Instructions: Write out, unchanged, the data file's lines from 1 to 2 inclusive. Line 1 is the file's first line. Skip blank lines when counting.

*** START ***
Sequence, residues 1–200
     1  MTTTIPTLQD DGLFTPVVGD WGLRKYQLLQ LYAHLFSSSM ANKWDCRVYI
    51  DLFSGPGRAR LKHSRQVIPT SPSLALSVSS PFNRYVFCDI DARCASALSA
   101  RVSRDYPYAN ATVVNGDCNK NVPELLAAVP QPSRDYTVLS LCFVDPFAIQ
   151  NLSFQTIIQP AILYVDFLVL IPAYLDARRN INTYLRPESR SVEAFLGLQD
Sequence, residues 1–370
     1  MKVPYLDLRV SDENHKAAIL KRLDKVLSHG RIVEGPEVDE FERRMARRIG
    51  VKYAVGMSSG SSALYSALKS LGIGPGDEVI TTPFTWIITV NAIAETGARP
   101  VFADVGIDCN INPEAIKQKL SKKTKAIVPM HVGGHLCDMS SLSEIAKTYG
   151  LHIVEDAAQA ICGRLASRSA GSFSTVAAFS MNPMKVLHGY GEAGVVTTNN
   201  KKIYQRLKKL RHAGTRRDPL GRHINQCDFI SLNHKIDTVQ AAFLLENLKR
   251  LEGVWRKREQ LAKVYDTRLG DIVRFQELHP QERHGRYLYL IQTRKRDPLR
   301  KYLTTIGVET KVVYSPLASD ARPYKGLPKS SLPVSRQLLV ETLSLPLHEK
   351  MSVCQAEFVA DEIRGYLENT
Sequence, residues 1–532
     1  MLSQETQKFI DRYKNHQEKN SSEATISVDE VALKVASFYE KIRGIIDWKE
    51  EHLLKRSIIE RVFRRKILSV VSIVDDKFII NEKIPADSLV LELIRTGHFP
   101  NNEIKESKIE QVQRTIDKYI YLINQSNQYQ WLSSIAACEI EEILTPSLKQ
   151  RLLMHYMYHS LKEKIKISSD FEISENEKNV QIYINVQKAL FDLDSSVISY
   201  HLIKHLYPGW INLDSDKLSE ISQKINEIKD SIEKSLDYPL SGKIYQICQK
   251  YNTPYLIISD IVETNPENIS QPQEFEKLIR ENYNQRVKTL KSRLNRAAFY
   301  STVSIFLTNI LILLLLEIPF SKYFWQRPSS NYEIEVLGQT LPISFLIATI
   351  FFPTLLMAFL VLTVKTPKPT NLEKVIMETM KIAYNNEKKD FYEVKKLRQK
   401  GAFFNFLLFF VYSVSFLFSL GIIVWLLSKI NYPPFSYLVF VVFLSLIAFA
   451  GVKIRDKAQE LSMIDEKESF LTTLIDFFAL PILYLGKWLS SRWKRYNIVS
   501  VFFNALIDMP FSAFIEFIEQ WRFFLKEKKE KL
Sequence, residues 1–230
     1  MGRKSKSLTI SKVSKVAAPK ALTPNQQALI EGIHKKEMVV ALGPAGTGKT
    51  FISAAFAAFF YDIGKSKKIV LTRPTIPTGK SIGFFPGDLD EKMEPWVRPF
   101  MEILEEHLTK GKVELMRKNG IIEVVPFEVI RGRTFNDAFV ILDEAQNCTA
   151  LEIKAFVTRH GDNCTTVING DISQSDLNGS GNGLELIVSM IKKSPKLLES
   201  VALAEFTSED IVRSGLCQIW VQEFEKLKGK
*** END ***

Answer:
Sequence, residues 1–200
     1  MTTTIPTLQD DGLFTPVVGD WGLRKYQLLQ LYAHLFSSSM ANKWDCRVYI